Over the three weeks following that message, I met Valerie for the first time, and then said goodbye for the last time. The incredible artist Valerie Thomson passed away in her own home yesterday.
She was a fount of knowledge, sharing her passion for plastic-free art and environmentally-gentle packing materials, paints, substrates (and even tape!) with anyone who was curious. And she painted like the muse was in her own two hands. Her entire home was her studio - no space was left for anything other than art and the creating of it. She collected art from around the world (including many of mine) and sold her paintings around the globe.
During the last visit, I asked her what she wanted the world to know. She said, without hesitation, "there is always room for more kindness." And then she proceeded to give away her entire studio of art supplies and her entire collection of art. To me and to others who responded to her messages. This amazing woman, who had been reclusive and hermit-like for the last decade, found herself in tears over the people who said "YES!" and rushed over to meet her and help in any way possible. And there I was, on the end of her bed, crying with her. Over bagels with scrambled eggs, just the way she liked them.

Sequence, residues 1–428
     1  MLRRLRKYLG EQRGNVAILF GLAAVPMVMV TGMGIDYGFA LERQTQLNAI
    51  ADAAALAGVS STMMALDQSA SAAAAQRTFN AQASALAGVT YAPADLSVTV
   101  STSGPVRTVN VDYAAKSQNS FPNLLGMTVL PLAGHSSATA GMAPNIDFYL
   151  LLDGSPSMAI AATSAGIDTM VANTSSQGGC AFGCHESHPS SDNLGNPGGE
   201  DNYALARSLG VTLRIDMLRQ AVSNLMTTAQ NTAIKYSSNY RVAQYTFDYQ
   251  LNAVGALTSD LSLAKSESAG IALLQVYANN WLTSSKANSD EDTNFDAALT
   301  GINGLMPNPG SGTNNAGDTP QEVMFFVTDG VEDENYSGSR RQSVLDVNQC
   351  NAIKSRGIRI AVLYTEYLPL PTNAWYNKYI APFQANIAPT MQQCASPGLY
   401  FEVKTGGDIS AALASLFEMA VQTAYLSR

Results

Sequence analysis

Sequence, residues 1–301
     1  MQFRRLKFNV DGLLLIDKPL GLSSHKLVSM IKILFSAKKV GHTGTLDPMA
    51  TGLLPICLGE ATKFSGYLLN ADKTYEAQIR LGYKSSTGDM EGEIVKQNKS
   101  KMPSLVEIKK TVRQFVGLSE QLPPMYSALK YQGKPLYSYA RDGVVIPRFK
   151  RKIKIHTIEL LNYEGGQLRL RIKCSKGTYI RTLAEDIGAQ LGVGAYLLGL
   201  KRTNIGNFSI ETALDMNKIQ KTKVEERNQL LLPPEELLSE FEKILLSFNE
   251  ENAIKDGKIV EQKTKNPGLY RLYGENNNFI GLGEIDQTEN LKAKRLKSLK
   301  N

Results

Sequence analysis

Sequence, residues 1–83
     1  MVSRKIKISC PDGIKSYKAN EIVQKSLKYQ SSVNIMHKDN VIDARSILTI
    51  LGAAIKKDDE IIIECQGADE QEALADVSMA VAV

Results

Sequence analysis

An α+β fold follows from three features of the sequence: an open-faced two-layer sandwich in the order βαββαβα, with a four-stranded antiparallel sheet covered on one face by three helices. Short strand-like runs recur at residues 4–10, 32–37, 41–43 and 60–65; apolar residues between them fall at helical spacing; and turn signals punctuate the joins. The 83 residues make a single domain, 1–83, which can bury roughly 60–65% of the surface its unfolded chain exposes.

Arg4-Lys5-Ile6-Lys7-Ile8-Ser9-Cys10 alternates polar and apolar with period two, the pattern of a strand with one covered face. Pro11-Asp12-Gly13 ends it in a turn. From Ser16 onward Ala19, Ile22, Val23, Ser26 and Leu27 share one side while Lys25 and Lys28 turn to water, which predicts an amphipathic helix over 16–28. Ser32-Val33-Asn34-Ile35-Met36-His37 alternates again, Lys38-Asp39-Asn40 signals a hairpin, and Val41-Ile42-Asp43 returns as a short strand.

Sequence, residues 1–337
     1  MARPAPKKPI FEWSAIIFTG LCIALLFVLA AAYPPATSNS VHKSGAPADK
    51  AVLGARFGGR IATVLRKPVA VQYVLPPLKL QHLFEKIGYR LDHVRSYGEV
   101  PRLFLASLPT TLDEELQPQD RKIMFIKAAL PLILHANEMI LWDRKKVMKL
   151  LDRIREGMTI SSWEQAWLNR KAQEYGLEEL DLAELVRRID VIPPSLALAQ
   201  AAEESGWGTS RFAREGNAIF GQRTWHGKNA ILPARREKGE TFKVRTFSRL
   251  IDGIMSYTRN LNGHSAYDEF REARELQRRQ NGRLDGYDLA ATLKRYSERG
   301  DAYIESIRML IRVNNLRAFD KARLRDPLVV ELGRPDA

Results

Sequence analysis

My studio is packed from floor to ceiling now. Canvases, boards, oil paints, oil sticks, papers, pigments, brushes and wedges. Including several of her unfinished paintings, of which she said "finish them. Or paint over them. You'll know what to do." It's a daunting thought.
From her diagnosis to her final day was just a few short weeks. Once again, the brevity and fragility of life overwhelms me.
About the art: beginning with an A.I. prompt asking the bot to create a "killer robot samurai dancer in the style of Degas" and the bot's response image below, I created a notan and a notanized grid, sketched the composition onto some Arches oil paper (a new favorite) with colored pencil. Thin washes of oil paint to rough in the shapes and the background, then increasing thicknesses applied with brushes, rubber wedges and paper towels. Veering away from the inspiration image to create my own version of this strange little one. Oh, the wondrous dance of it all...
You will not let her see the strange guest at your table... and yet here it is, the strange guest, the wild god which is A.I.
Last week we took a look at what A.I. can do with a painting. When you're stuck, seeking different ways to view your work, it is a mighty valuable critic. This week, let's wander into generating inspiration images from photographs.